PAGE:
Written by Dr Aileen Collier, Senior Lecturer, University of Auckland
As I write this introductory blog and reflect on palliative care research priorities for 2020 and beyond it would be incongruous not to acknowledge the loss and grief associated with the bushfire disaster impacting so many of our communities. Here in Aotearoa/NZ we were acutely aware of the reach of these fires as we awoke to orange tinted skies during the bushfires.
As a community palliative care nurse as well as a researcher, I have found myself reflecting on the consequences of catastrophic events such as these for those people we care for at home and whose needs are at the heart of our research: those with life-limiting and/or chronic illness; those who are bed-bound; older people with frailty; people living with dementia; those for whom English is not their first language, the structurally vulnerable, and for caregivers already doing their utmost to care in often already difficult circumstances.
We are faced with the most challenging of questions- that is, how we provide care for the most vulnerable in society towards the end of life and how our health systems respond in the face of the longer-term impacts of events such as these as well as ongoing national and international uncertainties. Yet in the face of disaster, we have also seen compassionate communities in action: people providing for each other in extraordinary ways, social media sites to offer and receive assistance; people opening up their homes for others. Perhaps, there are learnings for a public health approach to palliative care here?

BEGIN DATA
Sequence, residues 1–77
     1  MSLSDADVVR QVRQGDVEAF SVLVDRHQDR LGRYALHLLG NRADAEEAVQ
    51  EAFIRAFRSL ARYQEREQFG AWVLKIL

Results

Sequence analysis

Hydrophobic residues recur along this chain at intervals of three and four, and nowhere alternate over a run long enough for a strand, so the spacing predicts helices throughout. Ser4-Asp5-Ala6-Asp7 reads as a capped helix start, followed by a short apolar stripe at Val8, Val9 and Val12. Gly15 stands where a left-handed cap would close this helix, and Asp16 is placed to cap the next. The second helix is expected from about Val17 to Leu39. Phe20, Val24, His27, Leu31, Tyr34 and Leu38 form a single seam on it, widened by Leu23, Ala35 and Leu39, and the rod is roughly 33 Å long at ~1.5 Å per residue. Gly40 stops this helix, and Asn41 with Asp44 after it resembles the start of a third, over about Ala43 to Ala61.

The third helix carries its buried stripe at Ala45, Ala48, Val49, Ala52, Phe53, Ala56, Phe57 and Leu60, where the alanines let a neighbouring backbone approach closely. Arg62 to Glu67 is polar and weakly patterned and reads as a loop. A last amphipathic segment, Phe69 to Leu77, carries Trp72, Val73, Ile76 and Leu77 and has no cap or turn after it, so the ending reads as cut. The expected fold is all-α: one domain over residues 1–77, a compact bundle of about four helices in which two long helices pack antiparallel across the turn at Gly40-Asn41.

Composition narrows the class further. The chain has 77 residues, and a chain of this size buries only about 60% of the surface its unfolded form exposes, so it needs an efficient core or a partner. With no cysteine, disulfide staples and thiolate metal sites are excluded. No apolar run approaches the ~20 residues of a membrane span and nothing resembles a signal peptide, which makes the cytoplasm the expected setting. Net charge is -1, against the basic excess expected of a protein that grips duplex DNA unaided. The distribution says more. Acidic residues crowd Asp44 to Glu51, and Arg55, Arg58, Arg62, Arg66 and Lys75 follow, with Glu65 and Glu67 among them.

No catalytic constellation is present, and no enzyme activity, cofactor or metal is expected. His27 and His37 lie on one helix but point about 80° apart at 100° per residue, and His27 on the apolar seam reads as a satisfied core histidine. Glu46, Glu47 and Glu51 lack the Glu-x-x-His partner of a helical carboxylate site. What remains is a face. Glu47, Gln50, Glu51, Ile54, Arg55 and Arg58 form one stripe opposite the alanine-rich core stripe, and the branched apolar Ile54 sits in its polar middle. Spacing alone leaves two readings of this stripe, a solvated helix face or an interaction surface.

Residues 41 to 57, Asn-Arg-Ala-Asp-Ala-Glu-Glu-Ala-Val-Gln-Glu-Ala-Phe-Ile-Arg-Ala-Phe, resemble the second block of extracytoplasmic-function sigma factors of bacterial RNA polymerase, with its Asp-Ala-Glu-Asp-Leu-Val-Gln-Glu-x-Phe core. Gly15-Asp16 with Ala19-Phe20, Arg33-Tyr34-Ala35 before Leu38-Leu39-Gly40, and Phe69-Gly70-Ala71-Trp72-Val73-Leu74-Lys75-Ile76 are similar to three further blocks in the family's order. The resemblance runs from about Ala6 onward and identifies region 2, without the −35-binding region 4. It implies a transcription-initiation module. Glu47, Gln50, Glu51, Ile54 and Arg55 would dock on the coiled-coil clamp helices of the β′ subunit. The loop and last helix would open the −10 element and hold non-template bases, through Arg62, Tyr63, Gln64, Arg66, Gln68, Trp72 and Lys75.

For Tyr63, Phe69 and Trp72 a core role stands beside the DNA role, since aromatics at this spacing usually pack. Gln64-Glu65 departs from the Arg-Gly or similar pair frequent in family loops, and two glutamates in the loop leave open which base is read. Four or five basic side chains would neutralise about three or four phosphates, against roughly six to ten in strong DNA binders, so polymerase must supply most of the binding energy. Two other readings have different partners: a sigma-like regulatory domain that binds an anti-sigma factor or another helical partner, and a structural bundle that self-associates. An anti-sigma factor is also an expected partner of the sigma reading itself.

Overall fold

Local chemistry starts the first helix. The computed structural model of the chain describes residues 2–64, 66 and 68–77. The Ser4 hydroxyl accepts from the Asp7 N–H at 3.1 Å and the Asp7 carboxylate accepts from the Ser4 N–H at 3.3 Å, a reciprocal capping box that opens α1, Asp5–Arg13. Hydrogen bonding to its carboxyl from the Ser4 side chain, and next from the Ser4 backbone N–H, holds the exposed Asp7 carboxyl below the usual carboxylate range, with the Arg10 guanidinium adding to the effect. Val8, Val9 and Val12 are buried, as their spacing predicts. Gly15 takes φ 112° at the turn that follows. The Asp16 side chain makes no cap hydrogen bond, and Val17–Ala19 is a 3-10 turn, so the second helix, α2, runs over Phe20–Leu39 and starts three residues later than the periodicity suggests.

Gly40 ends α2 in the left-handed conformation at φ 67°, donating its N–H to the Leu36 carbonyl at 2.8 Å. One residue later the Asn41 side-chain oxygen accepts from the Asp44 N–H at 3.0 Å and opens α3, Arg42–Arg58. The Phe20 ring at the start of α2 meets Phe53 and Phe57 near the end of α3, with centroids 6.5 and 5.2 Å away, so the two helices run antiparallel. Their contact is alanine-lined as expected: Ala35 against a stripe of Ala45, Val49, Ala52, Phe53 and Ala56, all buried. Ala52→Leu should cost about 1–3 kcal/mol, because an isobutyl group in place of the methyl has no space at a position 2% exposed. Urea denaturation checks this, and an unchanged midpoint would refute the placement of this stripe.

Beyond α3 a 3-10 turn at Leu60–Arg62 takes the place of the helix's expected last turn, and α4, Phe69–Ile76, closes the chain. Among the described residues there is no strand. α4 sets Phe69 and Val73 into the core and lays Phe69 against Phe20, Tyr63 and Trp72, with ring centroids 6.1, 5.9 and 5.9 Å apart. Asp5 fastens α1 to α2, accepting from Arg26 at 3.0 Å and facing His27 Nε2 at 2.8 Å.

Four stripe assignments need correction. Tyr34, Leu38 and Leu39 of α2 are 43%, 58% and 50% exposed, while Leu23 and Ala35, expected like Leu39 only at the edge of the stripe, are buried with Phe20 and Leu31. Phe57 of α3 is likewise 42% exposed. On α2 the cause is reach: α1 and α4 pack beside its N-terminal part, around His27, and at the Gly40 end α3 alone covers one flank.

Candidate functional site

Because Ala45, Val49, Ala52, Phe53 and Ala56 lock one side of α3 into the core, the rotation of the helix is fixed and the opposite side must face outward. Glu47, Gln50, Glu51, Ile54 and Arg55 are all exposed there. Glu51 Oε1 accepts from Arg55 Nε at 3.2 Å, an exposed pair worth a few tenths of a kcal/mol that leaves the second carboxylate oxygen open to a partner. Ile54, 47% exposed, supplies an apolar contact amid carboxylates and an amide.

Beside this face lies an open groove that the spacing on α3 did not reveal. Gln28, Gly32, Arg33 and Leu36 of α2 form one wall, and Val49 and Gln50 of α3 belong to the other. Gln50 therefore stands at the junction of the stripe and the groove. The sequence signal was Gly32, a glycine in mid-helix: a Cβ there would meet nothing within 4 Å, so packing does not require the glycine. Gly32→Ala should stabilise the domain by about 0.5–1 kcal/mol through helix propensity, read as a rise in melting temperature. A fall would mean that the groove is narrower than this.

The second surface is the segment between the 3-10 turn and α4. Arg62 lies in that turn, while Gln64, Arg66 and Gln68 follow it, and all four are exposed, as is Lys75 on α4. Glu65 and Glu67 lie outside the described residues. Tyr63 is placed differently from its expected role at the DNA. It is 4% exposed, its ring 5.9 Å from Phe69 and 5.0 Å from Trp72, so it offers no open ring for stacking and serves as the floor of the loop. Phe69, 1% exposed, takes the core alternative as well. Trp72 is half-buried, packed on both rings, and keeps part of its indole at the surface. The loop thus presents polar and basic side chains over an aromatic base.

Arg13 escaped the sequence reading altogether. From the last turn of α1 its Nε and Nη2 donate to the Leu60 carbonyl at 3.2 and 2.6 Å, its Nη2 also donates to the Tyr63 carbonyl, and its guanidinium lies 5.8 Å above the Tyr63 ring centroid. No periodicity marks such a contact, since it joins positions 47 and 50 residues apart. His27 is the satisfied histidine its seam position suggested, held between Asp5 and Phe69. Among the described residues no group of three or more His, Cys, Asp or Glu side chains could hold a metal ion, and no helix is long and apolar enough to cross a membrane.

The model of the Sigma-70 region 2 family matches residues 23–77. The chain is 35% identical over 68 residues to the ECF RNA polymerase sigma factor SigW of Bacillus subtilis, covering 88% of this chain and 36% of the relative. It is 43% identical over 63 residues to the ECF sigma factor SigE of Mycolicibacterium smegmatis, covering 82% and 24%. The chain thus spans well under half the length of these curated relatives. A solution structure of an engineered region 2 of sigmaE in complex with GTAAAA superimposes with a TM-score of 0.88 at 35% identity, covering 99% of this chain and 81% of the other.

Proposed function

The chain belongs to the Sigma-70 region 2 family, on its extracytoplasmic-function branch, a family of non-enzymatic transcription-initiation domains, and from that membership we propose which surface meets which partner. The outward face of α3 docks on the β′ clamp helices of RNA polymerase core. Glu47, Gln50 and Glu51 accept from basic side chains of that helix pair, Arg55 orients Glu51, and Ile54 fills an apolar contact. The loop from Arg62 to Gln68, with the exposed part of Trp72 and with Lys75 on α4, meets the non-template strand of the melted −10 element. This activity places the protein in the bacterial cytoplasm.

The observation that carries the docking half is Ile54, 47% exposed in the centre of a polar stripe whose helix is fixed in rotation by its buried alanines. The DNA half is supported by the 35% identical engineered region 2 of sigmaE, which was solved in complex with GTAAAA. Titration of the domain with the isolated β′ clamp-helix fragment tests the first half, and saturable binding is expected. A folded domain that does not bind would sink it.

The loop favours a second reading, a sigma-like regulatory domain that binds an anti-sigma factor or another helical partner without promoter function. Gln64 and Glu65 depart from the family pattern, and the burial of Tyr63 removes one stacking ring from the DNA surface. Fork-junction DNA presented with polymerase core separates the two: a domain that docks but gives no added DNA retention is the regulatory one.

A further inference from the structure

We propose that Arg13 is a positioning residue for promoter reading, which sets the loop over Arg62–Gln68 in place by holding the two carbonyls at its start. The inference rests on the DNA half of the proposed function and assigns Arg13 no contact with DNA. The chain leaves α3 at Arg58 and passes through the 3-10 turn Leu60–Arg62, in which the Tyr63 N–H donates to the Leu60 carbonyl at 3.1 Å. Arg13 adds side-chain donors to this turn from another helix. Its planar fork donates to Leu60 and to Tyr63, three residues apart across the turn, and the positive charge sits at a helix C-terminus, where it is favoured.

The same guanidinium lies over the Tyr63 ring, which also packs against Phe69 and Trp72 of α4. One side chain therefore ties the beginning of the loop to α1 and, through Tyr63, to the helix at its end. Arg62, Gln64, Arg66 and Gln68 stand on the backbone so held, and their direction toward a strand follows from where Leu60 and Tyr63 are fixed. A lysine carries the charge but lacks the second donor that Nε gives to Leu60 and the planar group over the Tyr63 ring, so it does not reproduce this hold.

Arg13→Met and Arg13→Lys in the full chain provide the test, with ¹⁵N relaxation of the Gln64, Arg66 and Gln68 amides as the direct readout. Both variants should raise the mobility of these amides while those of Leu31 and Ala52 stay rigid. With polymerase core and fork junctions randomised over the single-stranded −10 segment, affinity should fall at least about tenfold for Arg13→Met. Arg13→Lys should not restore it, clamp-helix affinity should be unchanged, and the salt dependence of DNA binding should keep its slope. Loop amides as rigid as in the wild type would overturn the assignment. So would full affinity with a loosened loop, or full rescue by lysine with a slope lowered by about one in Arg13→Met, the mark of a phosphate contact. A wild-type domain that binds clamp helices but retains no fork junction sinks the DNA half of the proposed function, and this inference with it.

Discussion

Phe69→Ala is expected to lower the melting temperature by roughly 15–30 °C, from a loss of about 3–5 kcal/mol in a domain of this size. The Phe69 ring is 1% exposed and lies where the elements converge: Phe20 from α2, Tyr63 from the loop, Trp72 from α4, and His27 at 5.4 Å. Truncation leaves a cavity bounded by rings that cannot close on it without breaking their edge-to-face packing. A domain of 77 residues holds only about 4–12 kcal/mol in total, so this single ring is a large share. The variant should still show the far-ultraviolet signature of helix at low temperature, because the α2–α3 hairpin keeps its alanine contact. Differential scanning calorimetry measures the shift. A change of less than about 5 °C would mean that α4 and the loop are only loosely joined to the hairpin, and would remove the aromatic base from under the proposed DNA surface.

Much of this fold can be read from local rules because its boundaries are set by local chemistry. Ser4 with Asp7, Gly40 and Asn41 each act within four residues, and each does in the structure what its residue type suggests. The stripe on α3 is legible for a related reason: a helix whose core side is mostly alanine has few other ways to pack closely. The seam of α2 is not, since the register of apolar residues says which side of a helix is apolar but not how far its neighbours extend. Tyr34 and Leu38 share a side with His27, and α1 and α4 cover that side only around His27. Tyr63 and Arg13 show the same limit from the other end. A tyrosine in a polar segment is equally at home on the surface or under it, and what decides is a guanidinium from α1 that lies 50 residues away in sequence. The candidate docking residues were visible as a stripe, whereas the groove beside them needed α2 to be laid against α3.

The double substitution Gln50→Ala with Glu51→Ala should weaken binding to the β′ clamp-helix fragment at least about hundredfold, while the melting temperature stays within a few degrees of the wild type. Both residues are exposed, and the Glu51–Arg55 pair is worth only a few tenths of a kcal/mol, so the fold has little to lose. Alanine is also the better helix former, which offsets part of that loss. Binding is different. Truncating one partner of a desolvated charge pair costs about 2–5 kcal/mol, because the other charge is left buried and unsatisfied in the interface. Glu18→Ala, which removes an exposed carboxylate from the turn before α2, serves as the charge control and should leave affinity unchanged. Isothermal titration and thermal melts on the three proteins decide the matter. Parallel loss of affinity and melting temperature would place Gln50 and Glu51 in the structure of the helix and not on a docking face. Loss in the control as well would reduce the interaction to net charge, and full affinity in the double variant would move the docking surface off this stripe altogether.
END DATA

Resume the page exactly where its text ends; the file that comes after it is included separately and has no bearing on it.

My own research is focused on improving safety and quality of palliative care wherever a person is cared for and irrespective of their circumstances or diagnosis. To this end my commitment is to hearing the voices of people who are often least heard. I argue for the need for innovative as well as conventional research methods that help capture the nuances and messiness of care and associated models in practice. A traditional reductionist measure and manage approach is limited in being able to study the complexities of our current health care challenges. In so doing I often work within a participatory and strength-based approaches drawing from our Te Arai Palliative Care and End of Life Bicultural research group framework and underpinned by Kaupapa Māori research values and principles: whakawhanaungatanga, manaakitanga and mana as well as core practices such as karakia, koha and the sharing of kai.
For example we currently have a program of research exploring ‘Brilliance’ and care. Instead of a sole focus on all that goes wrong in health care, our research seeks instead, to understand the conditions that underpin excellence in care. We are currently collaborating with colleagues in Northern Adelaide using video reflexive ethnography to explore what this means in the acute hospital setting – having done so across sites in NSW as well as South Australia in a community context. In South Adelaide Local Health Network we are working together with clinicians and managers as well as patients and families to understand what this means for people with cognitive impairment in hospital.
As a member of the Research Centre for Palliative Care, Death and Dying (RePaDD), I am excited about interdisciplinary collaborations to address research questions at both sides of the Tasman.